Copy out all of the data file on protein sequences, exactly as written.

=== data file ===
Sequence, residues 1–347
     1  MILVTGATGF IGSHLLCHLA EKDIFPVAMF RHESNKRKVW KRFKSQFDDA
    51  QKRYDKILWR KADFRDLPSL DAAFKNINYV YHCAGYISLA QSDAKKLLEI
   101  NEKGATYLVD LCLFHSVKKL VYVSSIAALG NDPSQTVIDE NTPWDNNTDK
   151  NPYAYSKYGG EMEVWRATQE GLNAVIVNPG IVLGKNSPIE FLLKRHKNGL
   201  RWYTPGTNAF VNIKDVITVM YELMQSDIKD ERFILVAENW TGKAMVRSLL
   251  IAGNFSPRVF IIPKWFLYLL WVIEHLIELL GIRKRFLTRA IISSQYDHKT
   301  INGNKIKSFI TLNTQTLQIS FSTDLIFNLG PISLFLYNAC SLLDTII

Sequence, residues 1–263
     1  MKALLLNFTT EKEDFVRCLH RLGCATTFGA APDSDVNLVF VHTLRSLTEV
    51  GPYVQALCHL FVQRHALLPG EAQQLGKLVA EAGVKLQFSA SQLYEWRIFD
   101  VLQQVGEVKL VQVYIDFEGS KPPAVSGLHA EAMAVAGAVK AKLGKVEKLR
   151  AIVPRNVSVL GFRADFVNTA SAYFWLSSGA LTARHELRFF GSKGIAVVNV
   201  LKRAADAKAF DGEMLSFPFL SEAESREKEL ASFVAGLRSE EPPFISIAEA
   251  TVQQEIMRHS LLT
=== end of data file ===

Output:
Sequence, residues 1–347
     1  MILVTGATGF IGSHLLCHLA EKDIFPVAMF RHESNKRKVW KRFKSQFDDA
    51  QKRYDKILWR KADFRDLPSL DAAFKNINYV YHCAGYISLA QSDAKKLLEI
   101  NEKGATYLVD LCLFHSVKKL VYVSSIAALG NDPSQTVIDE NTPWDNNTDK
   151  NPYAYSKYGG EMEVWRATQE GLNAVIVNPG IVLGKNSPIE FLLKRHKNGL
   201  RWYTPGTNAF VNIKDVITVM YELMQSDIKD ERFILVAENW TGKAMVRSLL
   251  IAGNFSPRVF IIPKWFLYLL WVIEHLIELL GIRKRFLTRA IISSQYDHKT
   301  INGNKIKSFI TLNTQTLQIS FSTDLIFNLG PISLFLYNAC SLLDTII

Sequence, residues 1–263
     1  MKALLLNFTT EKEDFVRCLH RLGCATTFGA APDSDVNLVF VHTLRSLTEV
    51  GPYVQALCHL FVQRHALLPG EAQQLGKLVA EAGVKLQFSA SQLYEWRIFD
   101  VLQQVGEVKL VQVYIDFEGS KPPAVSGLHA EAMAVAGAVK AKLGKVEKLR
   151  AIVPRNVSVL GFRADFVNTA SAYFWLSSGA LTARHELRFF GSKGIAVVNV
   201  LKRAADAKAF DGEMLSFPFL SEAESREKEL ASFVAGLRSE EPPFISIAEA
   251  TVQQEIMRHS LLT